He would be wrong, who based on these few paragraphs would find that it is an unremarkable, clinical, and even "neutral" sounding device. Vincent's converters, including the d1-single-mk2, interpret recordings in a soft, gentle way. They do not add lowest bass notes if these are absent in the recording, they do not wow listener with unnaturally vibrant bells, when it does not make sense. Most of our attention is focused on the middle part of the range. I think it is so mainly due to the best resolution for this part of the range. Plenty of information that is delivered to our ears make up a warm whole. The top and bottom of the range are also a little warm, but to a much lesser extent than the mids, especially its lower part. There works the law of multiplication by cooperating—in this case with the upper bass. This part of the band is powerful, deep and beautiful.
The lowest bass does not appear often in its full glory. With classical music, also with piano, with jazz, it seems that there is exactly as much bass as needed. But when we play something with more power, for example Kendrick Lamaara, we want to have more of even richer bass. The quality of the bass is outstanding, it is not too taut, but the focus and control are great. But then, just as the upper treble, it has a lower energy. This will matter mainly when club music, dub, electronic is played—where it matters musically. Already with the new Pet Shop Boys album Super, there was as much of everything as this music needed. Once again the ability to deliver fantastic midrange including its upper part was confirmed.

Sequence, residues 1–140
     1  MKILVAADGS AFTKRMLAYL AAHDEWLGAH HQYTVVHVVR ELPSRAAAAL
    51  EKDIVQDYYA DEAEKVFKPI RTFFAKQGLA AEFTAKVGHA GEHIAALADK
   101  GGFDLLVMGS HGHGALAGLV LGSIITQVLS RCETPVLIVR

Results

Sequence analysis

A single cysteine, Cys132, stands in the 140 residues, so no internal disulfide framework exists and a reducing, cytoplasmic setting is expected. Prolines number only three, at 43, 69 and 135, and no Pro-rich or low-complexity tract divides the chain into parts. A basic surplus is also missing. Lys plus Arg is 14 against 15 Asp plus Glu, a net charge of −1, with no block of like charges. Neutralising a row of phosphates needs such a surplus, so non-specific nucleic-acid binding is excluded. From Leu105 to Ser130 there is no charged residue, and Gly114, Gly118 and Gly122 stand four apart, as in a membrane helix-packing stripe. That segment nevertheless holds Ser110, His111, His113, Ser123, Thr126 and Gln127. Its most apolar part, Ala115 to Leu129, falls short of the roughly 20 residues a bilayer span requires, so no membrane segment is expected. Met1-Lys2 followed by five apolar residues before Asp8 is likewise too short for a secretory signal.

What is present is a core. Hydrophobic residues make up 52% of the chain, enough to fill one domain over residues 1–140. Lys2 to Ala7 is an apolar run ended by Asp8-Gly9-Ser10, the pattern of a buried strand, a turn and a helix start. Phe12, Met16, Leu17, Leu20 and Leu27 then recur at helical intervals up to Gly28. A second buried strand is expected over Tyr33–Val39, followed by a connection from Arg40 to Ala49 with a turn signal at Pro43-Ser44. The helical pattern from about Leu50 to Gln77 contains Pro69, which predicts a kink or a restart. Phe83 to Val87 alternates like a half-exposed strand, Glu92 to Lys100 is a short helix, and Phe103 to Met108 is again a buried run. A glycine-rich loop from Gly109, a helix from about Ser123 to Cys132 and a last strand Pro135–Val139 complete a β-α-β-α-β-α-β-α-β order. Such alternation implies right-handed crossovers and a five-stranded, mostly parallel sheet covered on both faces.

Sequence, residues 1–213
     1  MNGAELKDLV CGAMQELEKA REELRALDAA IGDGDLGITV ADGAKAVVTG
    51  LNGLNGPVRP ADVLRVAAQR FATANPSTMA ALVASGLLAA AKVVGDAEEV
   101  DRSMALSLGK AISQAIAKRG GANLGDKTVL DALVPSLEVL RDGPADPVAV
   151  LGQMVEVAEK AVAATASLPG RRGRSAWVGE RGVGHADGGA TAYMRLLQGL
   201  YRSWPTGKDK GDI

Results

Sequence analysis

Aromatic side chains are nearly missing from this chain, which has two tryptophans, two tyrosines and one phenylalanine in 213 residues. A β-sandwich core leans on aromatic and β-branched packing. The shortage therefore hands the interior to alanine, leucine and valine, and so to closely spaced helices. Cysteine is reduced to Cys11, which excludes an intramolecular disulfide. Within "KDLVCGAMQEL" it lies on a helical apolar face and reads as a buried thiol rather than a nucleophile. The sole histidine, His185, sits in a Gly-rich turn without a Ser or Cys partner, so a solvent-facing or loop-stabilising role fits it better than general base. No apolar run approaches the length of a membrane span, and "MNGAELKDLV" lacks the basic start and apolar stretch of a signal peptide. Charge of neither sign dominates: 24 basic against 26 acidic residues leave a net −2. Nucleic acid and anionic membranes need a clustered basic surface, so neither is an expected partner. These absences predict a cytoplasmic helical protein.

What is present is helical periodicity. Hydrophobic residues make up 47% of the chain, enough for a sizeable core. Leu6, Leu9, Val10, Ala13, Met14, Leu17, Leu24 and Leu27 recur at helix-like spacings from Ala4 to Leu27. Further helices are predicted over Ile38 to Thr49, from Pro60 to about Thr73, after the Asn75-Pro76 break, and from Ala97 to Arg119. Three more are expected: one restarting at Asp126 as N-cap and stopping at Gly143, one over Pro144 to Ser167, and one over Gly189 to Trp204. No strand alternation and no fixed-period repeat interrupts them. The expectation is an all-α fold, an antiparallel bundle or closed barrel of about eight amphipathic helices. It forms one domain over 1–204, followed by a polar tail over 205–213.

d1-single-mk2 as a headphone amplifier
When I was ordering the converter for the review, I was asked by Vincent to specify which headphones would I use. He immediately rejected the HiFiMAN HE-6 due to the very low efficiency, so a natural candidate were so Sennheiser HD800. Knowing that totaldac owner could matched output impedance of the internal amplifier to the impedance of said cans.